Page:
Date of Submission

Spring 2017

Academic Programs and Concentrations

Environmental and Urban Studies

Project Advisor 1

M. Elias Dueker

Abstract/Artist's Statement

Biogeochemical cycles mitigate the movement of nutrients through ecosystems at a variety of scales. Within aquatic systems, nitrogen (N) and phosphorus (P) are especially critical due to their high influence on primary production and decomposition. However, in excess, N and P can pose hazardous ecological effects downstream. Excessive loading of both N and P to waterways can facilitate harmful algal blooms or dead zones in reservoirs and at drainage points. Extensive research over the past half century has shown that the majority of nutrient loading to aquatic systems is the result of anthropogenic land use. While the effects of these anthropogenic nutrient loads have been extensively explored at large scales, the interplay between nutrients and land use in small watershed systems remains poorly understood. To better comprehend this relationship, I compiled both historical and recent water quality data observed along the Saw Kill Creek in Dutchess County, New York. I then paired site-based nitrate (NO3) readings to the total area of three classes of land cover at three separate drainage scales for each sampling site, and ran linear regressions expressing NO3­– concentration as a function of increasing land cover gradient. The data reveal that urban development within the watershed at the largest scale of drainage shows a significant positive correlation with increasing concentrations of NO3. This observed relationship should result in a focal emphasis on future development projects with regard to mitigating any potential NO3 issues in the Saw Kill watershed. In addition, I have shown that the Saw Kill’s status as a high-nitrate stream is likely untrue, and that effort should be put into maintaining a consistent sampling regime to ensure that NO3 concentrations continue to be well documented. Future studies should focus on extending land cover data into past years in order to model changes to local land cover through time. In addition, further research is required to more adequately discern the relationship between NO3in the Saw Kill and precipitation regimes for a better understanding of flushing and dilution effects within this watershed.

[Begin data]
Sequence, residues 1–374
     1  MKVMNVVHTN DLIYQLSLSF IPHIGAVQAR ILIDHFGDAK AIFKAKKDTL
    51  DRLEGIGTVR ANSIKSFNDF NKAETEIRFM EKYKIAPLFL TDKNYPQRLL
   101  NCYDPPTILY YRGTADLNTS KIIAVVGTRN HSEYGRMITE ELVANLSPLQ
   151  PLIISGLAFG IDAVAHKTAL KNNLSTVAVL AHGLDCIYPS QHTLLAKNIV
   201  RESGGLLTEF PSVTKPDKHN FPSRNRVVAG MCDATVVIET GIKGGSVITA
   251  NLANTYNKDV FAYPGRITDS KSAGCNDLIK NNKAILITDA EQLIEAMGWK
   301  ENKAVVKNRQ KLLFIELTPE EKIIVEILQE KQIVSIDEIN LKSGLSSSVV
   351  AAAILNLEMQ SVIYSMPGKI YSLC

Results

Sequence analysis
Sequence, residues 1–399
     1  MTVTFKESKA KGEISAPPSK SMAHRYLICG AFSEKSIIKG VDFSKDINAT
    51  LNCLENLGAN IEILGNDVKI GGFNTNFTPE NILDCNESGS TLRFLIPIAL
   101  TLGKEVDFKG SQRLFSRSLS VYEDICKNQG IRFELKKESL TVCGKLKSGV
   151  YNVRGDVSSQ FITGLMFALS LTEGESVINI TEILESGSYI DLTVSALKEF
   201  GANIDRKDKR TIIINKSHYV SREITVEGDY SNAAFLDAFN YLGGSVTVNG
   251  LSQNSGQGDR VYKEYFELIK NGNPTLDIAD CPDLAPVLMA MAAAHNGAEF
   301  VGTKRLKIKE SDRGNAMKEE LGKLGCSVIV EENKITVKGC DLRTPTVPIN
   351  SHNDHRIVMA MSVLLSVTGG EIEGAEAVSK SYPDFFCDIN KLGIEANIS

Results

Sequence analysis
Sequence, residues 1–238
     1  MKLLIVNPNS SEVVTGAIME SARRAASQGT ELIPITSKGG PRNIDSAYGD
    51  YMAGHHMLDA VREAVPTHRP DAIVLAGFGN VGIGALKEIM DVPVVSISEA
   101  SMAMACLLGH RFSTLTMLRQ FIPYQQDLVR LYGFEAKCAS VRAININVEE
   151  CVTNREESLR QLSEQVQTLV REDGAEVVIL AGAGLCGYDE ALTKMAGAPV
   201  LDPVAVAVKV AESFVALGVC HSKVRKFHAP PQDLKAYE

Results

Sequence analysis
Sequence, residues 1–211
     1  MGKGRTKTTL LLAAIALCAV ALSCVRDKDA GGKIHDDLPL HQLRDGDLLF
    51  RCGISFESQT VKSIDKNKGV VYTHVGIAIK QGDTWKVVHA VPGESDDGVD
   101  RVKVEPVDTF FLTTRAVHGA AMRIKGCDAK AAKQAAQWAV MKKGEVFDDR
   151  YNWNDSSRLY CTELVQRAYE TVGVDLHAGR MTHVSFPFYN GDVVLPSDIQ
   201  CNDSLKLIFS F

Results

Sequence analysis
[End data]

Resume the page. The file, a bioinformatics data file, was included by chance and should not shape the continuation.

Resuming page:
Open Access Agreement

Open Access

Creative Commons License

Creative Commons License
This work is licensed under a Creative Commons Attribution-Noncommercial-No Derivative Works 4.0 License.

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